ICJ hears South Africa's calls to stop Israel Rafah offensive

Israel ICJ hears South Africa's calls to stop Israel Rafah offensive

South Africa will ask the International Court of Justice (ICJ) on Thursday to order an immediate halt to Israel's incursion in Rafah, describing it as a "genocidal" operation threatening the "very survival of Palestinians".

Top lawyers for Pretoria will kick off two days of hearings at the Peace Palace, home of the ICJ, imploring judges to order a ceasefire throughout Gaza.

Israel is to respond on Friday yet has previously described its "unwavering" commitment to upholding international law while calling South Africa's case "wholly unfounded" and "morally repugnant".

In a ruling that made headlines around the world, the ICJ in January ordered Israel to do everything in its power to prevent genocidal acts and enable humanitarian aid to Gaza.

But the court stopped short of ordering a ceasefire and now South Africa's argues that the situation on the ground – notably the Rafah operation – requires fresh ICJ action.

"As the overwhelming evidence demonstrates, the very manner in which Israel is pursuing its military operations in Rafah, and elsewhere in Gaza, is itself genocidal," South Africa said in its submission.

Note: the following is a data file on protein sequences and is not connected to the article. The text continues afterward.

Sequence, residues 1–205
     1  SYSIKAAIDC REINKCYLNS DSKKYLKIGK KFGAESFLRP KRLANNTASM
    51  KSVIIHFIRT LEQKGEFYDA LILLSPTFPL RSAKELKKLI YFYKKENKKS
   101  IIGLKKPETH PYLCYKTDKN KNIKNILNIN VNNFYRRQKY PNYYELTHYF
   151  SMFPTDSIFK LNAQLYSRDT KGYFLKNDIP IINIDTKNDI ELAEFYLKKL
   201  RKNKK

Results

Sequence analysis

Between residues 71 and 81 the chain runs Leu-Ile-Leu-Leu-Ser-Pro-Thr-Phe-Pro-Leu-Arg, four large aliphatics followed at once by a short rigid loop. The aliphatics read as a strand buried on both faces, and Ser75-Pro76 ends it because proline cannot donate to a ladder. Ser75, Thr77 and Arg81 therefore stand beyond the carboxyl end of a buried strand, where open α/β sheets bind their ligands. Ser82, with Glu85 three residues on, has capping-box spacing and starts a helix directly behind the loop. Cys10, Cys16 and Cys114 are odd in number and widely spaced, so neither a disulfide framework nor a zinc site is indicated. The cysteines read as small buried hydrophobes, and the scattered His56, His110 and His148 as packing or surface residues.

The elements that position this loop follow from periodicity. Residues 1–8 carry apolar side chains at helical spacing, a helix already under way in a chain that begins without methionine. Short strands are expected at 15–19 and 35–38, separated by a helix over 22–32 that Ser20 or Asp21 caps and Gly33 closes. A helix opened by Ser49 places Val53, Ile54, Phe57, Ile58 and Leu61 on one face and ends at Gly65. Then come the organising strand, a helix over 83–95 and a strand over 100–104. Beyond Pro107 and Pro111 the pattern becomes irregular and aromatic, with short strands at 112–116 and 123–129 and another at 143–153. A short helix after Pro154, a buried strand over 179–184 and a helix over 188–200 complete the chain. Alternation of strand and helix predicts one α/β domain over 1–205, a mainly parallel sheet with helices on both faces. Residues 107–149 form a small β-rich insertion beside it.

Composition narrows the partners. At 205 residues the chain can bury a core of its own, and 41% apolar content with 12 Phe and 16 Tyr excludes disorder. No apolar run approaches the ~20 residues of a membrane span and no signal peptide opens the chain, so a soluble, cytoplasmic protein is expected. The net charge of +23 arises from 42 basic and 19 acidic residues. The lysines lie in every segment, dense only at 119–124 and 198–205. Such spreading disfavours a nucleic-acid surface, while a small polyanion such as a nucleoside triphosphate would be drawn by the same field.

"It must be ordered to stop."

'Last refuge' in Gaza

South Africa is asking the ICJ for three emergency orders while it rules on the wider accusation that Israel is breaking the 1948 UN Genocide Convention.

First, it wants the court to order Israel to "immediately withdraw and cease its military offensive" in Rafah.

Second, Israel should take "all effective measures" to allow "unimpeded access" to Gaza for humanitarian aid workers as well as journalists and investigators.

Lastly, Pretoria asked the court to ensure Israel reports back on its measures taken to adhere to the orders.

The United Nations' agency for Palestinian refugees UNRWA said on Wednesday that 600,000 people have fled Rafah since military operations intensified, amid battles and heavy Israeli bombardment in the area.

"As the primary humanitarian hub for humanitarian assistance in Gaza, if Rafah falls, so too does Gaza," said South Africa in its submission.

"In attacking Rafah, Israel is attacking the 'last refuge' in Gaza and the only remaining area of the Strip which has not yet been substantially destroyed by Israel," the document added.

Pretoria stressed its view that the only way for the existing court orders to be implemented was a "permanent ceasefire in Gaza".

(with AFP)